I want to configure file server in MS Windows Server 2012 R2 environment, which would load balance traffic.

I have got a SAS disk array with 2 SAS controllers which is connected to 2 Hyper-V cluster nodes by 4 redundant SAS multipaths:

controller1 <-> node1, controller1 <-> node2,

controller2 <-> node1, controller2 <-> node2.

I don't know whether the SAS load balancing would be noticable if I would NOT balance the network, which means, that just one server on the network would handle all file I/O requests. Balancing network seems to be complicated, beacuse I don't want to have 2 file servers with identical copy of data (redundancy is guaranteed on RAID level of disk array). What I want is one bunch of data split to two disjoint scopes, each one on separate file server (each virtual server on one node of cluster), which would act as a single server or SMB share.

User shloudn't know which data is on server A or B, the SMB path should be something like \\domain.com\home\username or \\domain.com\share\department and homes or departments should be distributed across two servers (for example those starting with "A-P" on first and the rest on the second one).

I have a central network core switch and each cluster node has 5 GB/s aggregated link to it. The rest of the network is connected to this switch (each access switch is connected by 2 GB/s link, clients are connected by 1 GB/s link).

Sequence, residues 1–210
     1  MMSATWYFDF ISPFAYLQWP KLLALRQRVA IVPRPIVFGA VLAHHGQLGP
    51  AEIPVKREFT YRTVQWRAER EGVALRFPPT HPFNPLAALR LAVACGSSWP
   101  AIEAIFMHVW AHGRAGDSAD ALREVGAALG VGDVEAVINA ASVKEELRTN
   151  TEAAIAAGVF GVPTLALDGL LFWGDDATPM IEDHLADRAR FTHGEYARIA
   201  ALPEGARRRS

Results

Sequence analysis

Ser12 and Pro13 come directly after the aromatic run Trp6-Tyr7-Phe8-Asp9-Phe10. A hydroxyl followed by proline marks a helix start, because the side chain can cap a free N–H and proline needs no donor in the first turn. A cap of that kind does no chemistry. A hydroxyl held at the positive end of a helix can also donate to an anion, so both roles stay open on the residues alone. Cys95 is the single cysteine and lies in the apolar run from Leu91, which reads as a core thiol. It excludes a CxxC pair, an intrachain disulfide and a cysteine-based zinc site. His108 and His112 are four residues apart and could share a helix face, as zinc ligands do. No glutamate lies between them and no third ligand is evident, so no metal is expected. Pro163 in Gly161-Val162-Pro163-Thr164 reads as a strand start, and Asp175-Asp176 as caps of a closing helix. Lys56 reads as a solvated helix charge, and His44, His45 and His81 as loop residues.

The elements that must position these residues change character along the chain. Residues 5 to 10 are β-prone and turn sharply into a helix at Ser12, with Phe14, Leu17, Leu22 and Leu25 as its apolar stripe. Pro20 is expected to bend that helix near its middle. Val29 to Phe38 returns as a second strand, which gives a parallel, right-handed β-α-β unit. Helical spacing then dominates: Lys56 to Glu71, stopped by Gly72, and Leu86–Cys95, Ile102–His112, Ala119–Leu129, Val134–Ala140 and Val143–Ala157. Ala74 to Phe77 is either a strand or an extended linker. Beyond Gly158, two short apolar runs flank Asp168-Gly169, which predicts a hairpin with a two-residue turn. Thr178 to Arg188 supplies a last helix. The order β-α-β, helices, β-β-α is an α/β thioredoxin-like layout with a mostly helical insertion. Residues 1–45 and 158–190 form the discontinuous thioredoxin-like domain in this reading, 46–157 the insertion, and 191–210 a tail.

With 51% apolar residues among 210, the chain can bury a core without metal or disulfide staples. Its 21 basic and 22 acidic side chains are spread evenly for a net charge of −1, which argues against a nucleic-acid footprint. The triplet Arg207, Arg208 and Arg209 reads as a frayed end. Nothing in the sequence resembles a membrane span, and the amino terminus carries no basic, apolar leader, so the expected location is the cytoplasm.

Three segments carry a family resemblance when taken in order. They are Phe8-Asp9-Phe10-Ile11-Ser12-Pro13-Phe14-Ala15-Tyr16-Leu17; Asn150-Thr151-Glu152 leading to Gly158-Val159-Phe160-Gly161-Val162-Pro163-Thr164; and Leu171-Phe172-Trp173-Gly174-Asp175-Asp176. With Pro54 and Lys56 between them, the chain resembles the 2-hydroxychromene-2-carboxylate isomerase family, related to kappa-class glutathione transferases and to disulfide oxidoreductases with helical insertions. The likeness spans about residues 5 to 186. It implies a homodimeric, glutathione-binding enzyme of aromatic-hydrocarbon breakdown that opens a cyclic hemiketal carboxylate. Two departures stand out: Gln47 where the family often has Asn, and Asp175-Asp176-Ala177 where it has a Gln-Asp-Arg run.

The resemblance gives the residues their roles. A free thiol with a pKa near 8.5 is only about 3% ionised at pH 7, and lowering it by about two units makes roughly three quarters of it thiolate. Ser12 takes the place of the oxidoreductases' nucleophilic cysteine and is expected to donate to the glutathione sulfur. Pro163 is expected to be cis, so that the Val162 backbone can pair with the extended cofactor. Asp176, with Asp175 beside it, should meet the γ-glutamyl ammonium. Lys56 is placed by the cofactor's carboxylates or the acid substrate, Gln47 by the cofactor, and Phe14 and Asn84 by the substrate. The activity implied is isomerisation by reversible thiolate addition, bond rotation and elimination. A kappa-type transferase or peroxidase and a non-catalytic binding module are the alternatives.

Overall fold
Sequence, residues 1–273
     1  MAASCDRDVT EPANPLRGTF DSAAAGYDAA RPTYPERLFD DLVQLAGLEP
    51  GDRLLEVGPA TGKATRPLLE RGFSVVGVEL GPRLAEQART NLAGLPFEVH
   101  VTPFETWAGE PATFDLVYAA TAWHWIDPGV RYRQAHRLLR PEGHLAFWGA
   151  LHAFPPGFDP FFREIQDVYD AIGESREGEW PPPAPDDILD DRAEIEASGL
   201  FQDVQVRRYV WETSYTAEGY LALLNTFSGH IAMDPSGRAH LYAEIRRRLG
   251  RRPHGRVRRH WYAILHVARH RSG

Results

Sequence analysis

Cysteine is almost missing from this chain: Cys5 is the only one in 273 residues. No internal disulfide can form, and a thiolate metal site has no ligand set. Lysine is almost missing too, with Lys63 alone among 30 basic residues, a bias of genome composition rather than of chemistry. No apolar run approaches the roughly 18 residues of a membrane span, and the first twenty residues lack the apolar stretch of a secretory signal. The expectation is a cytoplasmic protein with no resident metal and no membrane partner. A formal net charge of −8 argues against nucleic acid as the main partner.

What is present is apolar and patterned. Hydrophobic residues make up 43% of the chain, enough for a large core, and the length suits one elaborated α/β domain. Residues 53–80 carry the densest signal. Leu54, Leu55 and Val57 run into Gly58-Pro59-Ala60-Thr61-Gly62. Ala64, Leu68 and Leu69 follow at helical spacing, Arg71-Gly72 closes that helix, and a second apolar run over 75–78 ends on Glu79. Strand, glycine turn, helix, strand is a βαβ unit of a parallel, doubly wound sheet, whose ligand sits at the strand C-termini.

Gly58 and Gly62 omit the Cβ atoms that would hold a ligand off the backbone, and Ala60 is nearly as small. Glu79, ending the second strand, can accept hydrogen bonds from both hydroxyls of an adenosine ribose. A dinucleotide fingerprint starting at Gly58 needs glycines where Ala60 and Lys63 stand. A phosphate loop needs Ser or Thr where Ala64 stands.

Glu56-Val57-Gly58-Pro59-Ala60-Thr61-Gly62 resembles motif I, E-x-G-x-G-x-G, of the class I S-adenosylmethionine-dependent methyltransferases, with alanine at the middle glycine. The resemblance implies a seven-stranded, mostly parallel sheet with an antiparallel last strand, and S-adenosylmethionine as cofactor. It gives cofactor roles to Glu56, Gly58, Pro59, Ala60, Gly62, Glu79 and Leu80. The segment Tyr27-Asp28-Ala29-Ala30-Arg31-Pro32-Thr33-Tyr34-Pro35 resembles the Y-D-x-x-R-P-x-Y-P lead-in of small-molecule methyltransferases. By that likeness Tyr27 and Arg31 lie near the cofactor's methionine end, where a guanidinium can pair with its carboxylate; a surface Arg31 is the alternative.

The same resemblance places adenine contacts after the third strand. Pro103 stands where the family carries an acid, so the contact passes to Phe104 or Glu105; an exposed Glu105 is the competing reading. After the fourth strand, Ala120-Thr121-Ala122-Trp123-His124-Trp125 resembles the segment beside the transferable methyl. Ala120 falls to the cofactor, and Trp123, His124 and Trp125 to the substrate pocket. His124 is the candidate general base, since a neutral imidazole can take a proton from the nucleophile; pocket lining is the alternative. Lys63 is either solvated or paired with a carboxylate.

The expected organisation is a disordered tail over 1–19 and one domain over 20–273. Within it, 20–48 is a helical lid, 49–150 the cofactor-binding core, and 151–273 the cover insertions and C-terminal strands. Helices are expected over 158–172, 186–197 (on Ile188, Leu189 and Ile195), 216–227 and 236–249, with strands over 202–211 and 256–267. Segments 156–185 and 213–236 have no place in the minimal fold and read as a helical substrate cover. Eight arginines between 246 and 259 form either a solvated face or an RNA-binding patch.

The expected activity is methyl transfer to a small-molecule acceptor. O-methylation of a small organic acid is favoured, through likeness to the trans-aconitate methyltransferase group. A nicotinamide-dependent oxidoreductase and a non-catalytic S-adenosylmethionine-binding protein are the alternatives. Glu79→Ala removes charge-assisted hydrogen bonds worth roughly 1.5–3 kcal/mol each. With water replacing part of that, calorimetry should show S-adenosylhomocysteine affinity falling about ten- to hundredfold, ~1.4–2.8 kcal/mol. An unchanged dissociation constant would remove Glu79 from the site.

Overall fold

My questions are:

  • If I don't do network load balancing and keep SAS load balancing, would the SAS load balancing be noticeable or not?
  • Is there some network load balancing clustering technique by which I would achieve mentioned results?
  • I know that there are many factors which depends on specific situation (such as maximum number of simultaneous connections or frequency of separate, possibly short connections; whether read operations are dominant etc. etc.), but are there any general best practices I should respect?
  • Isn't the easiest (and possibly the best one) way to don't load balance anything and have simple management?


Thank you very much! Actually DFS was one of the first think I have searched for, but I have ended up with a result that what I want is impossible with DFS.